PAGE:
CJ: So, your outside perspective coming at the problem from a background in law has been a real benefit to you, while you've also had to deal with the criticism you've taken for not being a scientist?

Phil: That's right. It's really within my field. Biologists who spend their lifetimes studying biology will be legitimate authorities, obviously, on the details of what they've learned in that investigation, and an outsider can't really challenge that, but an outsider definitely can challenge their thinking, particularly when it turns out that they believe in what they believe in not because of what they know as biologists, but in spite of what they know as biologists. It's a philosophical movement based on materialism. And they say, "Well, materialism--that's science and that's our philosophy, and you should believe it because we believe it." At this point, you know, they're not entitled to any particular respect because they are not telling you what they know as biological specialists. They're telling you the prejudice that dominates the their field. So, that's a thinking issue, and it's really more within my discipline than it's within theirs.

CJ: Let's shift the discussion just a bit. At the bare bones level, what essentials do you believe the Christian must maintain in the question of human origins in order to remain essentially Christian?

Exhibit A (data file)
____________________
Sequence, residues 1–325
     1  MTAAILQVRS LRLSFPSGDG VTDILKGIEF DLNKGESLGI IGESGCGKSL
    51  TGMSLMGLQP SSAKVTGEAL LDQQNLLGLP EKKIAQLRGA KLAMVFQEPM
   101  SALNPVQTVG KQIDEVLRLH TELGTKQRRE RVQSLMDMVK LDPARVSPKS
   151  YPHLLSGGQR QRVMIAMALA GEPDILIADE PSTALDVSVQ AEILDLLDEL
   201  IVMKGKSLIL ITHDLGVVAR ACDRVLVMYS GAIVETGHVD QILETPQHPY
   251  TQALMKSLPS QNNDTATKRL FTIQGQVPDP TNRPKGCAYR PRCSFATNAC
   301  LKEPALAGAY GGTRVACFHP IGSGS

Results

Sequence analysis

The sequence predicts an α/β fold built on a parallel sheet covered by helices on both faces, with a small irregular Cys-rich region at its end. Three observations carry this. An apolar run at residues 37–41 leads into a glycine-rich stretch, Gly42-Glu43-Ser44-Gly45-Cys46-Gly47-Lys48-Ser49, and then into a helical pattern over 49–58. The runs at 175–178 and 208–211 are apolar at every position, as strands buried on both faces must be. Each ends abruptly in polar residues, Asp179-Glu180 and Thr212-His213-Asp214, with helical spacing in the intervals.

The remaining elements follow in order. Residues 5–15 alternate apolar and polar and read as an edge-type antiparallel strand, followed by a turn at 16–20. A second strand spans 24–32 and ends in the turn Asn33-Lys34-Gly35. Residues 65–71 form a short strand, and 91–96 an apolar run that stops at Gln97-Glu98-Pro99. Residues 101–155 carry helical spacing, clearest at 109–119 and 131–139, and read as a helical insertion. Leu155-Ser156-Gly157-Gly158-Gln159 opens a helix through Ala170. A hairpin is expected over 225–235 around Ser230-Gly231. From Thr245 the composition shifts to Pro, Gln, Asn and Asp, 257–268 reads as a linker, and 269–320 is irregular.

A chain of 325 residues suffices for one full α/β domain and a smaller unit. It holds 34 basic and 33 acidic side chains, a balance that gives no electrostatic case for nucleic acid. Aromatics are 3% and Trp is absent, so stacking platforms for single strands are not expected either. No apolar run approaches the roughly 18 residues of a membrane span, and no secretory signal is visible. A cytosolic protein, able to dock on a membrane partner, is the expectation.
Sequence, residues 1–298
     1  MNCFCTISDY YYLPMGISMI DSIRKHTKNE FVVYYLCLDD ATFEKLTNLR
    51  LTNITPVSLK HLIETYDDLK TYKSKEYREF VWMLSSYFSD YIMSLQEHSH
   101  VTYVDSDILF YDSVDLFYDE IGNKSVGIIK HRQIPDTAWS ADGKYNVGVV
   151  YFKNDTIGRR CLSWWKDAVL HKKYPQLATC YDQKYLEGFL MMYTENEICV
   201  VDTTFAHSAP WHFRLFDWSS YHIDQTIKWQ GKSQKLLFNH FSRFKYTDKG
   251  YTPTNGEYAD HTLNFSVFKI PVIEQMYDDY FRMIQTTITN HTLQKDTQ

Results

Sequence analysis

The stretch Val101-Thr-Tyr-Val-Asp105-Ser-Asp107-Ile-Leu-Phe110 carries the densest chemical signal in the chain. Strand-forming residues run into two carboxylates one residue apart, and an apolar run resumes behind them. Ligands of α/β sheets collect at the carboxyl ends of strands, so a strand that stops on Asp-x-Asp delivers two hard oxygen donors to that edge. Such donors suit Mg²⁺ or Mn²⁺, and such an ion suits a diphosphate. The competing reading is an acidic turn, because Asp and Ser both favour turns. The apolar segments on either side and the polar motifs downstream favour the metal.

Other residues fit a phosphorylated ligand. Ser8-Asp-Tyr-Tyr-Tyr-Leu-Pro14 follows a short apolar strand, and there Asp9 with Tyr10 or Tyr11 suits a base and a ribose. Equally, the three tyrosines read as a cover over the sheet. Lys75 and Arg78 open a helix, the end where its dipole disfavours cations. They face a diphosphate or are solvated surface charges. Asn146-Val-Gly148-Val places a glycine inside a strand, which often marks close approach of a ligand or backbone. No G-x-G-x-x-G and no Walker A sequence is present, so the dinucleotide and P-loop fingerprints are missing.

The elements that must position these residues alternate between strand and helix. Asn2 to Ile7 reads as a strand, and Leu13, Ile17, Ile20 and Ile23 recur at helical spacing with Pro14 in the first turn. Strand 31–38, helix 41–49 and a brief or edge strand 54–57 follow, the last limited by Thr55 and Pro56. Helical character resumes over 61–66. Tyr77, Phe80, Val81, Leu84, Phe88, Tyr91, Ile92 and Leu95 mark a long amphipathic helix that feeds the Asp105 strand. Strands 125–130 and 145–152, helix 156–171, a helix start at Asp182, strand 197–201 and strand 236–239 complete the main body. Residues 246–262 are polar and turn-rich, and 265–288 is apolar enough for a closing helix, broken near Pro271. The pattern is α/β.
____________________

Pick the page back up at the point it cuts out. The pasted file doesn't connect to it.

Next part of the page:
Phil: Well, the first thing, I guess, is the role of God as our Creator. The evolutionary naturalists have been telling us that you don't need God in the system, you don't need a creator in the system because these purposeless forces can do it all. If they are right on that, then I would tend to think that probably Christianity should be given up as a bad show, considering most of the people that come to believe that that's what they conclude too. If God is an illusion and the Bible's just been wrong about everything, and religious belief is just believing what you want to believe and the facts show you that it didn't happen that way, well then the logical conclusion it seems to me would be not to try to save Christianity but to give it up as a mistake. Now, that's one reason I was so interested in this field. Because, now, on the other hand, if it turns out that the evolutionary theory is what's mistaken, and natural selection has no creative power, and you have this whole scientific culture that has been believing something dead against the evidence because that's something they want to believe, then even without knowing any more about it, I would say that the theistic and Biblical worldview has been tremendously validated. That is to say it's been validated in the sense that you do need a creator after all, but even more, what's been validated is the biblical view that it's a major part of the human project to get rid of the creator; because their deeds were evil, they did not want to honor god as God, and so instead they imagined various forms of idolatry and nature worship of which Darwinian evolution is just the most prevalent modern form. So, at this point, you say that not only has it been revealed that science points to the reality of a creator after all, but the enormously bad and self-deceptive thinking of the Darwinian evolutionist is something straight out of Romans 1. Without going any further than that, I'd say that the biblical worldview has been enormously affirmed. When it comes to questions like "Is it really important that the Genesis chronology be upheld?" or whatever, I'm more inclined to "hang loose" on that. For one thing, I'm very much opposed to restrictions on considering the evidence, and so it might be very convenient for us theologically if the Genesis chronology is true, and so, for that reason we might want to believe it, but that doesn't mean that the evidence necessarily supports it. If the evidence overwhelmingly says that that chronology is not true, then we can't make it true by wishful thinking. So, my basic inclination is to follow the evidence wherever it leads, and then live with the consequences of that. What has happened so far when we've done that is that the materialistic and naturalistic view that dominates our culture has been shown to be self-deceptive in every way. So I'm inclined to think we can afford to follow that program forward courageously without being afraid of what the facts will show.